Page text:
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Thermal removal of carbon dioxide from the atmosphere: energy requirements and scaling issues

Abstract

I conduct a system-level study of direct air capture of CO2 using techniques from thermal physics. This system relies on a combination of an efficient heat exchanger, radiative cooling, and refrigeration, all at industrial scale and operated in environments at low ambient temperatures. While technological developments will be required for such a system to operate efficiently, those developments rest on a long history of refrigeration expertise and technology, and they can be developed and tested at modest scale. I estimate that the energy required to remove CO2 via this approach is comparable to direct air capture by other techniques. The most challenging aspect of building a system that could remove 1 billion tonnes of CO2 from the atmosphere per year is the power demand of 112 to 420 GW during the wintertime operational period.

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Notes

  1. en.wikipedia.org/wiki/Snag,_Yukon

  2. en.wikipedia.org/wiki/Oymyakon

  3. en.wikipedia.org/wiki/Vostok_Station

  4. www.esrl.noaa.gov/gmd/obop/brw/

  5. zehnderamerica.com/wp-content/uploads/2014/11/CA350-2015.03.25.pdf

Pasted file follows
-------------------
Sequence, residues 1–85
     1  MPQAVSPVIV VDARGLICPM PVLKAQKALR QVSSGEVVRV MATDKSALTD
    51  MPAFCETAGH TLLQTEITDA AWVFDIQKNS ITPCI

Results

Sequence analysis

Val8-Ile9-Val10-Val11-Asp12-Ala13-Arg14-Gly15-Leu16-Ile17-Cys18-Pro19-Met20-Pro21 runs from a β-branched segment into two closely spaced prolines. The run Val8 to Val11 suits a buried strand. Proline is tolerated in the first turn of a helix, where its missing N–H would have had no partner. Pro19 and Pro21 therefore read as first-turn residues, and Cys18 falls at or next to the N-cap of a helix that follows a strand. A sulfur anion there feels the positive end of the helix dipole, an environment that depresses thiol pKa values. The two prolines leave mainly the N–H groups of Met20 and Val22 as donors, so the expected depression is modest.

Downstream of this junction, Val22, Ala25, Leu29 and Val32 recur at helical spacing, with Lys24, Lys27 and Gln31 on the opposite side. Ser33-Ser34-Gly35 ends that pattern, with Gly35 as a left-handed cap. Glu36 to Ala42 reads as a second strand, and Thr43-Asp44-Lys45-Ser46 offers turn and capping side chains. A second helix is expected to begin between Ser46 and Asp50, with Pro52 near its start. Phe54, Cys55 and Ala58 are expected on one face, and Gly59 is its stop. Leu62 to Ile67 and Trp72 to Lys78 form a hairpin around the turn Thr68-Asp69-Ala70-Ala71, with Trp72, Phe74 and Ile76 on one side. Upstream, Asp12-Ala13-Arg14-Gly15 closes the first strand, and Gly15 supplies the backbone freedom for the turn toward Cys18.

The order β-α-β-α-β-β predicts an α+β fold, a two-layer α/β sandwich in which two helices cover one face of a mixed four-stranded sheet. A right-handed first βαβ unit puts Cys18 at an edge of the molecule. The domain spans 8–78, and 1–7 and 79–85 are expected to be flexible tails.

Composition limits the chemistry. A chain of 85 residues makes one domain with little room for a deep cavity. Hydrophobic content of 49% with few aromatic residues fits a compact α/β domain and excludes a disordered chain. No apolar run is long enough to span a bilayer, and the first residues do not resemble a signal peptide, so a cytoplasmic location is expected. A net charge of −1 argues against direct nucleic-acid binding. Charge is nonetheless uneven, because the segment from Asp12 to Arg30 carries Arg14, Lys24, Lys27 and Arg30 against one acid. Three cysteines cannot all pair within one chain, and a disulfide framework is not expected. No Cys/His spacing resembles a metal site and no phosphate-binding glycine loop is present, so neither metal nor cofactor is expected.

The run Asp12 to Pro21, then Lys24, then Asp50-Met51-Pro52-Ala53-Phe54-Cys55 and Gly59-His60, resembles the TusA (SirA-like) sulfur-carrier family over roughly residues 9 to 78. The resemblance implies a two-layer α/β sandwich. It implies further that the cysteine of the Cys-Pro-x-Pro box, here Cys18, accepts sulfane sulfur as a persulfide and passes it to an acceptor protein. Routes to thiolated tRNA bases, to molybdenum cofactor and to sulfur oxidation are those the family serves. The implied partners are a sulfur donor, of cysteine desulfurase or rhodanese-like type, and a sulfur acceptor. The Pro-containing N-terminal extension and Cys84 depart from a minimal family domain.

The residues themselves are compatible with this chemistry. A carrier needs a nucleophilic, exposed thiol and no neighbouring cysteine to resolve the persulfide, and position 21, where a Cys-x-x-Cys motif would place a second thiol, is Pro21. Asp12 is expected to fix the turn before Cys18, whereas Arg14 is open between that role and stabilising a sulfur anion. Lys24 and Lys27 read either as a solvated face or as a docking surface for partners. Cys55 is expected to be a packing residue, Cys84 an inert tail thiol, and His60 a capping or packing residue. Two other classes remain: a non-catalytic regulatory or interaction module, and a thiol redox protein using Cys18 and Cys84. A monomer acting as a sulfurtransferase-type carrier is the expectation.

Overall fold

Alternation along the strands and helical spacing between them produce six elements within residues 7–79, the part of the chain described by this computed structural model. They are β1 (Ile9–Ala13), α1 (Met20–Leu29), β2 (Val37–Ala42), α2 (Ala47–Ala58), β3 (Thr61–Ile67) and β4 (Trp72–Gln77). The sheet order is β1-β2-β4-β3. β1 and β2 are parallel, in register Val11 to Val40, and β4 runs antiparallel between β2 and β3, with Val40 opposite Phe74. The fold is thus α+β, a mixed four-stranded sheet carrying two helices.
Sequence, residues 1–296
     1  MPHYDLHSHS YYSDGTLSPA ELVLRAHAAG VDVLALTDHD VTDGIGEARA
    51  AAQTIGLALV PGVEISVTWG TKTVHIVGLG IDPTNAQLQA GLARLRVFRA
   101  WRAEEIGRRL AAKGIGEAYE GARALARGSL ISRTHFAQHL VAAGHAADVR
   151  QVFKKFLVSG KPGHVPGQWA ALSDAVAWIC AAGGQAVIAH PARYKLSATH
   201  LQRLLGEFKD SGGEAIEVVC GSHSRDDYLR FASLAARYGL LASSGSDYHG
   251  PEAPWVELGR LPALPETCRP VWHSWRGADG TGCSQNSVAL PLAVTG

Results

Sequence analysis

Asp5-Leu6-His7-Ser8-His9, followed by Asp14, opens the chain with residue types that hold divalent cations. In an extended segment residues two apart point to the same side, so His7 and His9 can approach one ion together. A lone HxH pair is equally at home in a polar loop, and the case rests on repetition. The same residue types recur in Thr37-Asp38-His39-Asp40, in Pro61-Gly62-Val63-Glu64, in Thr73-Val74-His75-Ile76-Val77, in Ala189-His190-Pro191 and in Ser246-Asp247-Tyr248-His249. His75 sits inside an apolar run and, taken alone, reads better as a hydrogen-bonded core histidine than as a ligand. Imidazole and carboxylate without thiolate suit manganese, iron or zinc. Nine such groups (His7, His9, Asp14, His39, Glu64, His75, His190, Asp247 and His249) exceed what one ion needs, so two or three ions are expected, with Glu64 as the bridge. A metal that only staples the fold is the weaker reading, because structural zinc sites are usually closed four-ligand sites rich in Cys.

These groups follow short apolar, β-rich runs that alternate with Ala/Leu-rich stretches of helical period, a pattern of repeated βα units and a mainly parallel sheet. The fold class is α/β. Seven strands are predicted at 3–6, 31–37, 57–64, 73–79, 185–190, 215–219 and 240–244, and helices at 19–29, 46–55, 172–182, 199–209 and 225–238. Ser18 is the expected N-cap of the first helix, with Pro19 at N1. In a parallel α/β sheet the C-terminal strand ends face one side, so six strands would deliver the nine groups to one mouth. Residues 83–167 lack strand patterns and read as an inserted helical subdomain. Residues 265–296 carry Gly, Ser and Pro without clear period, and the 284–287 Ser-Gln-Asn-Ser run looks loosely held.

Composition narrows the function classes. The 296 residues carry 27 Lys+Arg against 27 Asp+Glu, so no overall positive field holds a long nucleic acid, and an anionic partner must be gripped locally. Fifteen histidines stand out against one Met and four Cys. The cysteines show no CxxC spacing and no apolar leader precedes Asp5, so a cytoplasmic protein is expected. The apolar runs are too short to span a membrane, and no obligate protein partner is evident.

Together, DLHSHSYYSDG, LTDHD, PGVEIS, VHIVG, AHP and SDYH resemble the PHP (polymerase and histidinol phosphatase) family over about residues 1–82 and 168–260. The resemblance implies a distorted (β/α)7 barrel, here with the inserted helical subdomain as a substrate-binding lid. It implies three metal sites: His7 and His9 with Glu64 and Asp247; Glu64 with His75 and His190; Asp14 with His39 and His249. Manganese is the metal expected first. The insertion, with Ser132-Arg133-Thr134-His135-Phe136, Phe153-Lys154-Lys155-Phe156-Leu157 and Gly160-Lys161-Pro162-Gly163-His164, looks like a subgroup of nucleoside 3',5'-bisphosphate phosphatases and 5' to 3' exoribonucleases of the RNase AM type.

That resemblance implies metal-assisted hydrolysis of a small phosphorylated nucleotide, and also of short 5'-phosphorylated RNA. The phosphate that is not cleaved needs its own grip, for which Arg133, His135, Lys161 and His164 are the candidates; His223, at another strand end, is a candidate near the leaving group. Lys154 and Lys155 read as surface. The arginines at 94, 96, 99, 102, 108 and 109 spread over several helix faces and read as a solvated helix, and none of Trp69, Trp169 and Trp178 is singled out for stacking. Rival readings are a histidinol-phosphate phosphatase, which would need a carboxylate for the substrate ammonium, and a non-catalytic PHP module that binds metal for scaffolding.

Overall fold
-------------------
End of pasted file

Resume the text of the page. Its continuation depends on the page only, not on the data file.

6. calc.exergyllc.com

  7. www.world-aluminium.org/statistics/#data

  8. en.wikipedia.org/wiki/List_of_largest_power_stations

  9. www.cia.gov/library/publications/the-world-factbook/rankorder/2233rank.html

  10. en.wikipedia.org/wiki/Vostok_Station

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Acknowledgements

I thank Drs. M. Anthony Reynolds, Edwin J. Mierkiewicz, and Sandra Boetcher for helpful discussions and the reviewers for constructive criticisms that helped me improve and clarify this paper.

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Correspondence to Ted von Hippel.

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von Hippel, T. Thermal removal of carbon dioxide from the atmosphere: energy requirements and scaling issues. Climatic Change 148, 491–501 (2018). https://doi.org/10.1007/s10584-018-2208-0

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  • DOI: https://doi.org/10.1007/s10584-018-2208-0